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Intrauterine Devices (IUDs) Provide the Most Effective Emergency Contraception

Intrauterine devices (IUDs) should be used routinely to provide emergency contraception, according to the authors of the first systematic review of all available data from the past 35 years.


They found that IUDs had a failure rate of less than one per thousand and were a more effective form of emergency contraception than the “morning after pill”. In addition, IUDs continued to protect women from unwanted pregnancy for many more years if they were left in place.

The research, which is published online in Europe’s leading reproductive medicine journal Human Reproduction [1] today (Wednesday), analysed data from 42 studies carried out in six countries [2] between 1979 and 2011 and published in English or Chinese. IUD use in China is the highest in the world with 43% of women using them for contraception compared with 13% in the rest of the world, according to a 2006 report. The studies included eight different types of IUDs and 7034 women.

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Babies Born After Three or More Abortions Have Increased Risk of Prematurity and Low Birth Weight

Health professionals should be informed about the potential risks of repeat abortions


One of the largest studies to look at the effect of induced abortions on a subsequent first birth has found that women who have had three or more abortions have a higher risk of some adverse birth outcomes, such as delivering a baby prematurely and with a low birth weight.

The research, which is published online in Europe’s leading reproductive medicine journal Human Reproduction [1] today (Thursday), found that among 300,858 Finnish mothers, 31,083 (10.3%) had had one induced abortion between 1996-2008, 4,417 (1.5%) had two, and 942 (0.3%) had three or more induced abortions before a first birth (excluding twins and triplets).

Those who had had three or more induced abortions had a small, but statistically significant increased risk of having a baby with very low birth weight (less than 1500g), low birth weight (less than 2500g), or of a preterm birth (before 37 weeks), or very preterm birth (before 28 weeks), compared to women who had had no abortions. There was a slightly increased risk of a very preterm birth for women who had had two induced abortions.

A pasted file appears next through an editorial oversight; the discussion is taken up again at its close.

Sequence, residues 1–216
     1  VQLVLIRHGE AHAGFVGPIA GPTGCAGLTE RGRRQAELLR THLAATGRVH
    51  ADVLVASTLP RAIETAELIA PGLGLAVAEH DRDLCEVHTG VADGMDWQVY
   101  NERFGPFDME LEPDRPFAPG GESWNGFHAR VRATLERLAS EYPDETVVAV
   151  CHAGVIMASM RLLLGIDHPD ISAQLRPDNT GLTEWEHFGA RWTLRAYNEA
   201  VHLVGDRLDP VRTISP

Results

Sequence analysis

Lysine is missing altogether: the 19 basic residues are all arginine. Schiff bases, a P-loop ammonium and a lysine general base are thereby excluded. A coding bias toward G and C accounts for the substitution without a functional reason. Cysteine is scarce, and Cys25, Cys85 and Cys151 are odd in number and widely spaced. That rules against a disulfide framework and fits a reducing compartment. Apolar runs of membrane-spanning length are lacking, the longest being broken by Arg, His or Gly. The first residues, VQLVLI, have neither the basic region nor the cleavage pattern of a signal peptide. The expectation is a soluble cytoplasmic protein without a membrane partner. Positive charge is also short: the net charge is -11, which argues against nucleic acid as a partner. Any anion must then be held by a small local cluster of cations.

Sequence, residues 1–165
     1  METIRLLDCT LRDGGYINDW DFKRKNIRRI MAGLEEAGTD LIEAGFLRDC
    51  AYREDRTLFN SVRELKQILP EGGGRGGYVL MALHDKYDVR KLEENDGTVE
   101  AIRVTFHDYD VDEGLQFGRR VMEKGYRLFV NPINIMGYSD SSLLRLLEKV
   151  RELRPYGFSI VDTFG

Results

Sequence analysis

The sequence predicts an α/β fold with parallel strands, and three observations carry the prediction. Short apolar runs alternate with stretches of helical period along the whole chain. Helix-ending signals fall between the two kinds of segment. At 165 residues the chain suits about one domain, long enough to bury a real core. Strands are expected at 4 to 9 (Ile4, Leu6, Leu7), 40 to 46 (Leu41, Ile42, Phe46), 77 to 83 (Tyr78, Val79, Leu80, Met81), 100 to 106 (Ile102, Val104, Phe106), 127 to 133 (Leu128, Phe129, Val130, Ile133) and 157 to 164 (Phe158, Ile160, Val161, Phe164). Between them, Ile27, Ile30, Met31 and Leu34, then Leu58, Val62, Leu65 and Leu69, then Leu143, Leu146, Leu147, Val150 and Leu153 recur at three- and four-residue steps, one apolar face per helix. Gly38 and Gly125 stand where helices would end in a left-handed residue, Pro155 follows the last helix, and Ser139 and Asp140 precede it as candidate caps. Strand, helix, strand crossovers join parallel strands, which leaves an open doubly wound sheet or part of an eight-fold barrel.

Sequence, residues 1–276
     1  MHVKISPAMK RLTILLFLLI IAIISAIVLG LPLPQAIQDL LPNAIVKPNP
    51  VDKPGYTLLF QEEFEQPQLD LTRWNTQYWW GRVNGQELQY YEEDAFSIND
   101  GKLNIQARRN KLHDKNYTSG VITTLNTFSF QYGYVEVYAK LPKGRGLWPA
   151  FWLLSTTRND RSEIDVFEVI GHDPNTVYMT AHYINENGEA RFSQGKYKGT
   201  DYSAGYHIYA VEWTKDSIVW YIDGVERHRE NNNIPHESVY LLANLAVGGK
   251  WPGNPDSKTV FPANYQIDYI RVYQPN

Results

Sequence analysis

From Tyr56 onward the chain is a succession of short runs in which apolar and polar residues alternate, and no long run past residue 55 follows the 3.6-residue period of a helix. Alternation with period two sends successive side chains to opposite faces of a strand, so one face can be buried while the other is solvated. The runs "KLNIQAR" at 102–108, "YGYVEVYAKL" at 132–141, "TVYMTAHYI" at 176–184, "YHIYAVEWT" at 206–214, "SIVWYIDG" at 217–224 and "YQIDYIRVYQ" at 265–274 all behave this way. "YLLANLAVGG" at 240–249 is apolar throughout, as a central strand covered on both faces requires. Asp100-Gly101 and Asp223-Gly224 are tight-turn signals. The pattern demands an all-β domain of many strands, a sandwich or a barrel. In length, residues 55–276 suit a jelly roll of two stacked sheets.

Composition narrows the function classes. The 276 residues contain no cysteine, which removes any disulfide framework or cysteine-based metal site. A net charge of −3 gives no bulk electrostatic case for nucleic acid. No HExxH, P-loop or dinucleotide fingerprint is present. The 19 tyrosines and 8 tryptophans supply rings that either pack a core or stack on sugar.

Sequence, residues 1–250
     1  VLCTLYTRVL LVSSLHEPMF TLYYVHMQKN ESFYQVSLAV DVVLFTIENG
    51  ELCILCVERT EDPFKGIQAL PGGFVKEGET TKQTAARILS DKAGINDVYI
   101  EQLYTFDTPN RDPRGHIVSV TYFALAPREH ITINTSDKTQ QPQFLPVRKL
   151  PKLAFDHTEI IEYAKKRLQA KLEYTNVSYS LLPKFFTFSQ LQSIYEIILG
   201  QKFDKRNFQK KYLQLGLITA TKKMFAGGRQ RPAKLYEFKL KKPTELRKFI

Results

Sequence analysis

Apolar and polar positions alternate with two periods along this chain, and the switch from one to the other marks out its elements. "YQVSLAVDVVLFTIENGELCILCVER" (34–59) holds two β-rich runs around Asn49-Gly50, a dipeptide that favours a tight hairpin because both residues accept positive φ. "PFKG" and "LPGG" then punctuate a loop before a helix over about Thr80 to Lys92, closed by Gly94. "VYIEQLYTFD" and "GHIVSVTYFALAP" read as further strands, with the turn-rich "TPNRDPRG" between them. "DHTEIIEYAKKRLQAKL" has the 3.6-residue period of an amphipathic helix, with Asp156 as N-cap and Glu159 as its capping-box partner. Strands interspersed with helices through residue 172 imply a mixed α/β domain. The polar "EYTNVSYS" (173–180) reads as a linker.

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Fast Facts About Areola Reduction

Areola Reduction, a fairly common procedure in the cosmetic world


What is an Areola?

Areola is different from nipples. The areola is the dark and pigmented skin around your nipples. These patch of skin may come in all shapes and sizes just like your breasts. But then many women tend to have theirs operated on because at some point it may become puffy, enlarged and stands out too much.

The process of reducing it is called Areola Reduction, a fairly common procedure in the cosmetic world. The enlargement of the areola may be due to the following causes:

  • Pregnancy
  • Breast feeding
  • Breasts sagging
  • Weight gain
  • Genetics

During pregnancy, breast size may change. After giving birth, the breast feeding process will further have an effect in your breasts and areolas. To add to that, your genetic makeup is another factor. Areola tends to be puffy and enlarged after a long time of breast feeding. That is why many women are hoping to reduce aerola through surgeries.

Who can be a Candidate for Areola Reduction?

Most often, women who had given birth and have enlarged areola are the candidates for the procedure. Also women who have a disproportionate breasts and areola can be accommodated for the procedure too. As long as the doctor will say otherwise, then you can go on and undergo the procedure.

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